- Universal Pictures
- Clint Eastwood
- VFX Supervisor (Method Studios)
- Geoffrey Hancock
- VFX Producer (Method Studios)
- Jinnie Pak
- Method Studios
Changeling, the true life crime drama from director Clint Eastwood, does not make obvious use of visual effects, but wouldn't be as successful without them. The Vancouver team was proud to pick up two Visual Effects Society (VES) Awards for their work on this film which primarily involved enhancing the look and feel of Los Angeles in 1928 by creating 3D set extensions - cars, trucks, trains and street furniture - in addition to CG crowds.
Geoffrey Hancock, VFX Supervisor, comments, “It is very gratifying to have the VES award for Outstanding Supporting Visual Effects in a Motion Picture and Outstanding Matte Paintings in a Feature Motion Picture, as these types of invisible effects often go unnoticed. I'm very proud of the work our entire team labored over.”
Through visual enhancements, Method gave life and depth to a storyline that had the definition of subtlety at its heart. While not the standard VFX fare of action packed explosions, the visual effects in Changeling helped reveal the power of emotion.
BUILDING THE PAST
Principal photography took place mostly on the back lot at Universal - a location so often used that it was felt important to mask familiar structures as much as possible. The back lot was mapped out with an eye toward figuring out where visual effects would begin and end in relation to the physical buildings.
Hancock’s team collected together all the photographic reference material gathered by the art department, along with texture references shot on location of vehicles, buildings and costumes. This material was organized by creating style sheets and concept art to guide the digital set builders in the creation of the set extensions. Modern satellite and period aerial imagery was also used to help define appropriate geography for matte paintings.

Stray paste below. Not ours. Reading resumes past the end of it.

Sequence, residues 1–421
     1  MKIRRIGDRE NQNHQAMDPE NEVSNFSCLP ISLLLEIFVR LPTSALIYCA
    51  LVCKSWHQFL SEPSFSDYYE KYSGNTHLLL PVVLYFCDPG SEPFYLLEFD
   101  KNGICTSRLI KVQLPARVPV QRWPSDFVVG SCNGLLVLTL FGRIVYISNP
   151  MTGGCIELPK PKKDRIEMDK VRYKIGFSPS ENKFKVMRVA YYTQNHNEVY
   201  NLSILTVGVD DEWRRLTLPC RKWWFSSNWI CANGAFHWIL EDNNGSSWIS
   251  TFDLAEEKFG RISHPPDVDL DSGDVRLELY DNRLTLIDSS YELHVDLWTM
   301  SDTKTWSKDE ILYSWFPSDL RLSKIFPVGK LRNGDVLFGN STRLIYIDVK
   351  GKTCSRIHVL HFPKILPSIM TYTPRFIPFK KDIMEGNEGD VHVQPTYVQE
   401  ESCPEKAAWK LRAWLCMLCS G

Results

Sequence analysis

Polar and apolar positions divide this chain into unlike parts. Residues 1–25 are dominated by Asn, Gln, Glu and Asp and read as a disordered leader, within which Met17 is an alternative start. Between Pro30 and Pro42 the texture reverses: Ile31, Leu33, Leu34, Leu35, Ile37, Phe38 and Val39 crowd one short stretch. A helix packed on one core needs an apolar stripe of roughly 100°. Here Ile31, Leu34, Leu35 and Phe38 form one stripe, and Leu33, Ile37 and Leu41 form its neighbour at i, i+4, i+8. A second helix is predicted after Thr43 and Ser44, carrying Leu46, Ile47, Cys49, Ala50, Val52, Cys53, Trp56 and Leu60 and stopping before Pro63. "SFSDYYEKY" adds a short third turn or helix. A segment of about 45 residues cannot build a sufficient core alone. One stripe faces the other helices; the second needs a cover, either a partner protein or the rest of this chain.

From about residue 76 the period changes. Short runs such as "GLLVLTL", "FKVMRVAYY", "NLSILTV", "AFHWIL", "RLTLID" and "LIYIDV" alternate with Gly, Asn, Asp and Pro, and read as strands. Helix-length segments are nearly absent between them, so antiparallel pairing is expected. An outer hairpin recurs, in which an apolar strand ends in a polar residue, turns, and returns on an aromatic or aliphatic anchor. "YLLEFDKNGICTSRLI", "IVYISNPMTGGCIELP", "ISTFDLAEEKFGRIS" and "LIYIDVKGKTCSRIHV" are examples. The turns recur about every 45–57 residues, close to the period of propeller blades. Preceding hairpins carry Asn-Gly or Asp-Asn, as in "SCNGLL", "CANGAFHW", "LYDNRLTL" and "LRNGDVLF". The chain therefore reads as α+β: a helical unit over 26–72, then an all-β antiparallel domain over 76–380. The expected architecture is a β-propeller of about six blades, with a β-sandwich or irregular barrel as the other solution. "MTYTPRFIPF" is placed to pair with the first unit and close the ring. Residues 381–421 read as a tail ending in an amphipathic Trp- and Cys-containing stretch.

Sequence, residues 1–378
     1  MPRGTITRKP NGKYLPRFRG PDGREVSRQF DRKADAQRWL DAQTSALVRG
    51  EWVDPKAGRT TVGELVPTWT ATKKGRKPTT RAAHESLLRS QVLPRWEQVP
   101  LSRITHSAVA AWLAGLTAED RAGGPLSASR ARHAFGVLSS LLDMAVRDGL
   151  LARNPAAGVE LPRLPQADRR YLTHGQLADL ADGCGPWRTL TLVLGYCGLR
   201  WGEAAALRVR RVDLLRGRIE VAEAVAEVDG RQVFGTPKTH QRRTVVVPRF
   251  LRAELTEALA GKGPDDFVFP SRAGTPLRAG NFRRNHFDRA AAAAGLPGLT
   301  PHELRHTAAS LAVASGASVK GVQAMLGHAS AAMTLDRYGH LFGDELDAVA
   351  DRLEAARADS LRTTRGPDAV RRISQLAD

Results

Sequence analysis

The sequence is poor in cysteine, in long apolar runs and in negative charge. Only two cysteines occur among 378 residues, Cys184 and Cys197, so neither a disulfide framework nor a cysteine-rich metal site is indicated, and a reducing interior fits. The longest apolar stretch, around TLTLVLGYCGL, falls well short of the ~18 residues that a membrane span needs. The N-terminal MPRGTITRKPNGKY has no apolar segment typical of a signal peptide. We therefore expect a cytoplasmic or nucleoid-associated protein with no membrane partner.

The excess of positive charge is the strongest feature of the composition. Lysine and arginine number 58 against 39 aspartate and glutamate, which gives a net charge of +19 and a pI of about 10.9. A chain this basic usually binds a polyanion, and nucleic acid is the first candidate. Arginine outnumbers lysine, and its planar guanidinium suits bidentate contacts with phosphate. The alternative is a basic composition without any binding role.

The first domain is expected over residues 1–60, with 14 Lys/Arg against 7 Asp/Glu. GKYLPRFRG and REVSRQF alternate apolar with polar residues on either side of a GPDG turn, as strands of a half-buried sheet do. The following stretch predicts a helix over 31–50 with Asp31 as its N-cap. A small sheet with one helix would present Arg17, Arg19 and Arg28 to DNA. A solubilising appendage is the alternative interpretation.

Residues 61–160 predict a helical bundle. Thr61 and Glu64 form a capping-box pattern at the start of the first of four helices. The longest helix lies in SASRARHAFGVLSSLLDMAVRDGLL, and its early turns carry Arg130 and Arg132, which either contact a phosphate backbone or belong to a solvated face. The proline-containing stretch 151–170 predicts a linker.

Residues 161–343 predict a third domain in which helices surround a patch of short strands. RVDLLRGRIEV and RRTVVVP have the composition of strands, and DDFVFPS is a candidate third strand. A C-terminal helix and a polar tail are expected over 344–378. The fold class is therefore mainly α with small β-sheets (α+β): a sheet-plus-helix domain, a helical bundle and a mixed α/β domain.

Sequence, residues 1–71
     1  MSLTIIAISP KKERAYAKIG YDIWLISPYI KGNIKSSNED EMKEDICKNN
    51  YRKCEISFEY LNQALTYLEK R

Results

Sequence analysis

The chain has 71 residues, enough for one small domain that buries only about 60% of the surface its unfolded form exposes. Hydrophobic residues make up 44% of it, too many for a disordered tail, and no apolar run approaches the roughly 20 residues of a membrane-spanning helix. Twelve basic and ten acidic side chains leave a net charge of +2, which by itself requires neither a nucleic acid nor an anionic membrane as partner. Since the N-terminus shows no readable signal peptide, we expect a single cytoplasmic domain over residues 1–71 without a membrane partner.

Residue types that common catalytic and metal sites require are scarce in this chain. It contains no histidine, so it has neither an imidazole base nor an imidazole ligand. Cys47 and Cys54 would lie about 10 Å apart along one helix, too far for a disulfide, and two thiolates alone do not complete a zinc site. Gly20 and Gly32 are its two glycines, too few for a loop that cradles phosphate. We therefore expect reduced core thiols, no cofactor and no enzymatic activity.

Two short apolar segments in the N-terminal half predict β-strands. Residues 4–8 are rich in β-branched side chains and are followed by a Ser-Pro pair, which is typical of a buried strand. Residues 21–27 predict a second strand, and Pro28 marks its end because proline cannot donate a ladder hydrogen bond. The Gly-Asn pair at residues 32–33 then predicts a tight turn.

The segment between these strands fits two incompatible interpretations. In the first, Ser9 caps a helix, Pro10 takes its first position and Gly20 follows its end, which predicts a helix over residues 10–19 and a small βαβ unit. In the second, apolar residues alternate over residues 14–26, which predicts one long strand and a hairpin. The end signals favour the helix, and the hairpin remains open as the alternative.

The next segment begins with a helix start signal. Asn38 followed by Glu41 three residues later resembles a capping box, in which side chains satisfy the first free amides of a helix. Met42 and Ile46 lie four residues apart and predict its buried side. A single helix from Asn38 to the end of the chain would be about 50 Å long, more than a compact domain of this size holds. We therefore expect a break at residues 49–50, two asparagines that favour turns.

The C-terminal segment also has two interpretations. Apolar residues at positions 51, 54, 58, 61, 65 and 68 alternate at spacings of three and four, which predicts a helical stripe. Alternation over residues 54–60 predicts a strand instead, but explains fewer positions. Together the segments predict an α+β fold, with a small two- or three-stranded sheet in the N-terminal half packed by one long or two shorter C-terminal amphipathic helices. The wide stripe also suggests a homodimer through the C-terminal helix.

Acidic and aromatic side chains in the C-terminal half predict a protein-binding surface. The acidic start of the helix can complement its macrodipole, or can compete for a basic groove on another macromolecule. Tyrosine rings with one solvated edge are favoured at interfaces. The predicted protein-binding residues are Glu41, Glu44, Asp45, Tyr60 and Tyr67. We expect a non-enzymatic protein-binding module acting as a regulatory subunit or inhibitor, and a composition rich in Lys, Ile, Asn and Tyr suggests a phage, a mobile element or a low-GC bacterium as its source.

“It took a lot of research to figure out what really needed to be shown,” said Hancock. “We had to start from scratch because so much of the material that is commonly available is more modern, and we weren’t able to leverage any existing models. In most cases, everything from textures to models to mocap was recreated from the ground up”.
In terms of putting the building blocks together Hancock comments, "We made up several key models which could be rearranged restacked to create either wider or taller buildings of the same architectural style. By mixing up the pattern a block up the street you could create a very different looking city with only minor texture differences."
The project called for extensive city crowd scenes, for which the VFX team turned to a combination of motion capture and the Massive crowd-generating software. This was an ambitious task as the digital characters had to move amongst figures mirroring the live action movements without the audience being able to tell the difference. The artists created the very dramatic end credit sequence of a busy downtown street which involved live action actors that eventually turn into all-digital extras.
The mocap performers were briefed on how people walked differently in that time. They weren’t just strolling down the street, especially in the parts of the movie Method was recreating. It was center city, some of the busiest intersections in LA, where people were out on the town.
Method used primarily MAYA to animate and mental ray to render the city scenes. A number of matte paintings were created using XSI and Maya, and some 2D work was done using Digital Fusion.
- Award Winner
- Crowd simulation